A cataract is a cloudiness or opacification in the normally clear and transparent lens of the eye. When significant, this clouding interferes with the passage of light to the retina and blurs vision.
How Cataract Affects Your Vision
Inside your eye, behind the iris and pupil is a lens. In a normal eye, this lens is clear. It helps focus light rays on to the back of the eye (the retina), which sends messages to the brain allowing us to see.
When cataract develops, the lens becomes cloudy and prevents the light rays from passing on to the retina. The picture that the retina receives becomes dull and fuzzy.
Cataract usually forms slowly and most people experience a gradual blurring of vision.
Causes of Cataract
Most forms of cataract develop in adult life. The normal process of ageing causes the lens to harden and become cloudy. This is called age-related cataract and it is the most common type. It can occur at any time after the age of 40.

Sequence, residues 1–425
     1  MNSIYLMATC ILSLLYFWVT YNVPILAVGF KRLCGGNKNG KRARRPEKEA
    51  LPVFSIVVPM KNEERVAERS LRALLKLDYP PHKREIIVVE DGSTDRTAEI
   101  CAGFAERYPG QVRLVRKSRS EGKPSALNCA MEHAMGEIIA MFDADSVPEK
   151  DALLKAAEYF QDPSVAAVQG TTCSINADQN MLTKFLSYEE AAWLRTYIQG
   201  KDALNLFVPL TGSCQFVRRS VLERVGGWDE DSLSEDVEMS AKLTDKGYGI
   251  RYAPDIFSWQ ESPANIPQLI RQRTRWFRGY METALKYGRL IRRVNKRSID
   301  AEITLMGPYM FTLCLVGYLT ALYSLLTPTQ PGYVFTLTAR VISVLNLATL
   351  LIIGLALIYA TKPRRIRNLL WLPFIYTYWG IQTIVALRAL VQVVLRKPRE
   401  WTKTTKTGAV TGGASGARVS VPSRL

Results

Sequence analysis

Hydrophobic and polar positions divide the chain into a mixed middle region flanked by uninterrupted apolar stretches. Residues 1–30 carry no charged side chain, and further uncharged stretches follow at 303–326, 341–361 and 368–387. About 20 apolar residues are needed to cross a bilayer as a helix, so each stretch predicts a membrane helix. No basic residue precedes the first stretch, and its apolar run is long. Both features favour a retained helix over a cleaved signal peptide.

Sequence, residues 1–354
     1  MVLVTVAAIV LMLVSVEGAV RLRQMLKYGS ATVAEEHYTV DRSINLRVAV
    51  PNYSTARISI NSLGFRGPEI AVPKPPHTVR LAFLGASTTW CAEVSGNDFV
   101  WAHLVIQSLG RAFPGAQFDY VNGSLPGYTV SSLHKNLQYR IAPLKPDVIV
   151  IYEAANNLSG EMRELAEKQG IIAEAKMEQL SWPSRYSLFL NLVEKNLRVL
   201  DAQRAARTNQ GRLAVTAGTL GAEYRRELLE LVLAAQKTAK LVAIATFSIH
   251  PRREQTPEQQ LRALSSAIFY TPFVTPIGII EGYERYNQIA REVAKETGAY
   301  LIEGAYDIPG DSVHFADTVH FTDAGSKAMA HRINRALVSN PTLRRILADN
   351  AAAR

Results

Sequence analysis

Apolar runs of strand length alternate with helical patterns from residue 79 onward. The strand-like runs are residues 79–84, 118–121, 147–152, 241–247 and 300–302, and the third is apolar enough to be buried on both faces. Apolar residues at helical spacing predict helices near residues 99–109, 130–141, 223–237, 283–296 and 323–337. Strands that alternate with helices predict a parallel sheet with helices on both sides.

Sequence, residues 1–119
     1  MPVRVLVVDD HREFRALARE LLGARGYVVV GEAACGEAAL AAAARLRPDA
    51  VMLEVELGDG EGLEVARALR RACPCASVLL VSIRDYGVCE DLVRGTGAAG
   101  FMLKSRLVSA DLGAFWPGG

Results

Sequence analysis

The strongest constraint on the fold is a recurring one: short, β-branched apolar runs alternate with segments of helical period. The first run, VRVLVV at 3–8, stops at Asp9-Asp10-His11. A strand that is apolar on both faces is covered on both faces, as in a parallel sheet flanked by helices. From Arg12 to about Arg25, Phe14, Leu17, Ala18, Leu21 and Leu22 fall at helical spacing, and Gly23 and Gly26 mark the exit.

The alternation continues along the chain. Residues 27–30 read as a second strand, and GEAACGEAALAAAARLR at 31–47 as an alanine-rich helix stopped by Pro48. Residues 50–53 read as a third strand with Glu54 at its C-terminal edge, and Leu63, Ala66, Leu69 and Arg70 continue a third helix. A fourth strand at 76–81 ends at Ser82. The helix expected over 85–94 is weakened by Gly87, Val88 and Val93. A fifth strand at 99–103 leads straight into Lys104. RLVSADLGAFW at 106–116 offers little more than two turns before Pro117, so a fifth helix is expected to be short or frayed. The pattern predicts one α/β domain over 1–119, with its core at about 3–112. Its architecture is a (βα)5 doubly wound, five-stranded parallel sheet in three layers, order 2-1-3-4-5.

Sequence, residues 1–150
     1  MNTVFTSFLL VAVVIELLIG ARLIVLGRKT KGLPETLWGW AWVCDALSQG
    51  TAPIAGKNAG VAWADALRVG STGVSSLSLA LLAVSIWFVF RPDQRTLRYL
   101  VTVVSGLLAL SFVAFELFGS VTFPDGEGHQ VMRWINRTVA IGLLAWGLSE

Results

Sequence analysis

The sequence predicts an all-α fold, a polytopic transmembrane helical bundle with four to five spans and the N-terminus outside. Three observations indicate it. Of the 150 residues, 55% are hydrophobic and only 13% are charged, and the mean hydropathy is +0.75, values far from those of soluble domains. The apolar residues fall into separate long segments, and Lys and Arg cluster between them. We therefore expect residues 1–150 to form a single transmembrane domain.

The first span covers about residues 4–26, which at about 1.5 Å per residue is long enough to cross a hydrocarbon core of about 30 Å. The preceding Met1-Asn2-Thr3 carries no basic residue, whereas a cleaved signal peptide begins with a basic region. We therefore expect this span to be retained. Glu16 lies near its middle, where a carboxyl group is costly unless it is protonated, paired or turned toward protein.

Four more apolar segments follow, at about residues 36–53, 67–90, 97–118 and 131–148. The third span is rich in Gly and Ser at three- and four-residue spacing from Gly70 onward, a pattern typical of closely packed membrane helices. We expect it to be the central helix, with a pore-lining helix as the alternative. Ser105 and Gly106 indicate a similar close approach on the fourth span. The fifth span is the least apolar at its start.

Although most cataracts are age-related, there are other types, including congenital (present at birth), drug-induced (steroids), and traumatic (injury to the eye). Cataract is also more common in people who have certain diseases such as diabetes.
Treatment of Cataract
Surgery is the only way to treat cataract. Surgery involves removing the cloudy lens and replacing it with an artificial intraocular lens (IOL).
No-Blade Cataract Surgery
No-blade cataract surgery, also known as femtosecond laser-assisted cataract surgery (FLACS) uses a femtosecond laser (a powerful light beam) to assist in removing the cataract.
Phacoemulsification is a modern surgical method which uses an ultrasonic probe to break up the cataract.